HOMEBREW Digest #330 Mon 25 December 1989

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		Rob Gardner, Digest Coordinator

  Stainless Steel brewing vessels (Michael Bergman)
  Stainless Steel Pots (& Rapids) (peg)
  Glass carboy blow up (Doug Roberts  at  Los Alamos National Laboratory)
  exploding glass carboys (Marty Albini)
  Need help with strong sour/bitter aftertaste
  Blowoff (glass vs. plastic) (b11!wiley!wiley)
  Brewing Facilities (Rob McDonald)
  Too Much Foam (Rob McDonald)

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---------------------------------------------------------------------- Date: Fri, 22 Dec 89 09:47:55 EST From: bergman at m2c.org (Michael Bergman) Subject: Stainless Steel brewing vessels I had been keeping my mouth shut, on the assumption that I didn't have anything to add to the discussion, but have come to the conclusion that that is not necessarily the case. In the Boston area, for commercial grade cooking utensils, including 5 and 10 gallon heavy duty stainless steel pots, the place to go is Chinatown. There are two or three restaurant suppliers there. One of them is named Seidman's, I have forgotten the name of the other but it is on Harrison St. A 5 gallon pot costs, as best I recall, between $70 and $90 dollars (I think $90). If you are considering a Revere-ware 3.5 gallon pot for $50, such as Mr. Harris describes, you should definitely look into this. Most Revere ware comes into the category "light weight" as compared to restaurant quality stuff. Most major cities have similar places. Look under "Restaurant Supplies" in the yellow pags. Note that some of the other suggestions that have been made represent a better price/gallon ratio -- for lighter weight equipment. This is a perfectly reasonable trade-off. Also check the auction pages of your local paper for restaurants going out of business. - --mike bergman Massachusetts Microelectronics Center 75 North Drive, Westborough, MA 01581, USA +1 (508) 870-0312 UUCP: (...harvard)!m2c!bergman INTERNET: bergman at m2c.org Return to table of contents
Date: Fri, 22 Dec 89 07:13:01 PST From: peg at Rational.COM Subject: Stainless Steel Pots (& Rapids) I bought a 24 qt. stainless steel pot from Rapids a couple of months ago. The prices in their 89 catalog are no longer correct: the 24 qt. pot had gone up to $65.00 when I bought mine. I don't remember the prices of any of the other sizes. These pots are of much heavier steel (20 gauge, I think) than the cheapo stainless steel pots I've seen elsewhere. The handles seem to be well attached. I saw a 20 qt. pot at Service Merchandise for $30-$40, but it was much thinner. Note that the pots from Rapids are stainless steel only, and the bottom is no thicker than the sides. I got some burning on the bottom (in the shape of the coils on my electric range), but I didn't use the trick of turning off the burners while dissolving extract. Pots such as Revereware, with a copper-laminated bottom, or Wearever, with an aluminum-laminated bottom, will be much better than this, but prices for these are quite a bit higher. Return to table of contents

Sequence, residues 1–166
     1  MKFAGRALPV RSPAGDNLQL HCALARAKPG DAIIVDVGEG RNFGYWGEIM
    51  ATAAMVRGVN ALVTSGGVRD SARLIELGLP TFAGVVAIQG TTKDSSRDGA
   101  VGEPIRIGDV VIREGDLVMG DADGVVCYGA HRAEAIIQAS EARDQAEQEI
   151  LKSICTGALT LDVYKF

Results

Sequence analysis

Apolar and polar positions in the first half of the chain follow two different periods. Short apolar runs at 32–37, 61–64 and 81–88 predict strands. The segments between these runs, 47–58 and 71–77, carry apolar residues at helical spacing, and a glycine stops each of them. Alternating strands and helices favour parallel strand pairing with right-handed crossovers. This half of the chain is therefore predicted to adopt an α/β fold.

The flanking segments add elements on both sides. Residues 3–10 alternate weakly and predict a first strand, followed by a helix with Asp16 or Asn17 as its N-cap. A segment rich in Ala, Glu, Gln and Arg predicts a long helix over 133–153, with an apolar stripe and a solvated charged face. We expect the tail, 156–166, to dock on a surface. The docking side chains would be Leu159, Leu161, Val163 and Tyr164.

Date: Fri, 22 Dec 89 10:08:41 MST From: roberts%studguppy at LANL.GOV (Doug Roberts at Los Alamos National Laboratory) Subject: Glass carboy blow up > I used a glass carboy with a blow off tube connected to an airlock ONCE. > Unfortunately, the tube got clogged so the pressure built up enough to blow the > airlock out completely. In the process my wife and I got to scrape gunk off > the ceiling for about an hour. I didn't think I was alone in having had this experience! Happy Holidays. - --Doug Return to table of contents
Date: Fri, 22 Dec 89 9:58:42 PST From: Marty Albini <martya at hpsdl39> Subject: exploding glass carboys The recent discussion about glass carboys has prompted me to issue a Paranoid Safety Alert. Glass is brittle; this means when it is in tension (as a pressure vessel is) its fracture strength is unpredictable. Not neccessarily low, but unpredictable. For this reason, using a glass carboy for a primary fermenter would scare the bejeezus out of me. In primary fermentation, pressures rise rapidly (probably too rapidly for any available leak paths to deal with) should the vent plug. The energy stored in the compressed CO2 in the headspace is truely amazing--and potentially lethal. Charlie Papazian, a nuclear physicist and experienced homebrewer, recommends using carboys with little headspace and a LARGE diameter vent tube to blow the krausen out, thus reducing fusel oil content and mysterious (and unexplained) "off flavors." I have tried this method, with no detectable benefits. According to Byron Burch, at last count, Charlie had blown up two carboys. Don't mess with it. - -- ________________________________________________Marty Albini___________ "The above opinions were created by a trained professional. Do not attempt to duplicate these thought processes at home." phone : (619) 592-4177 UUCP : {hplabs|nosc|hpfcla|ucsd}!hp-sdd!martya Internet : martya%hp-sdd at hp-sde.sde.hp.com (or at nosc.mil, at ucsd.edu) CSNET : martya%hp-sdd at hplabs.csnet US mail : Hewlett-Packard Co., 16399 W. Bernardo Drive, San Diego CA 92127-1899 USA Return to table of contents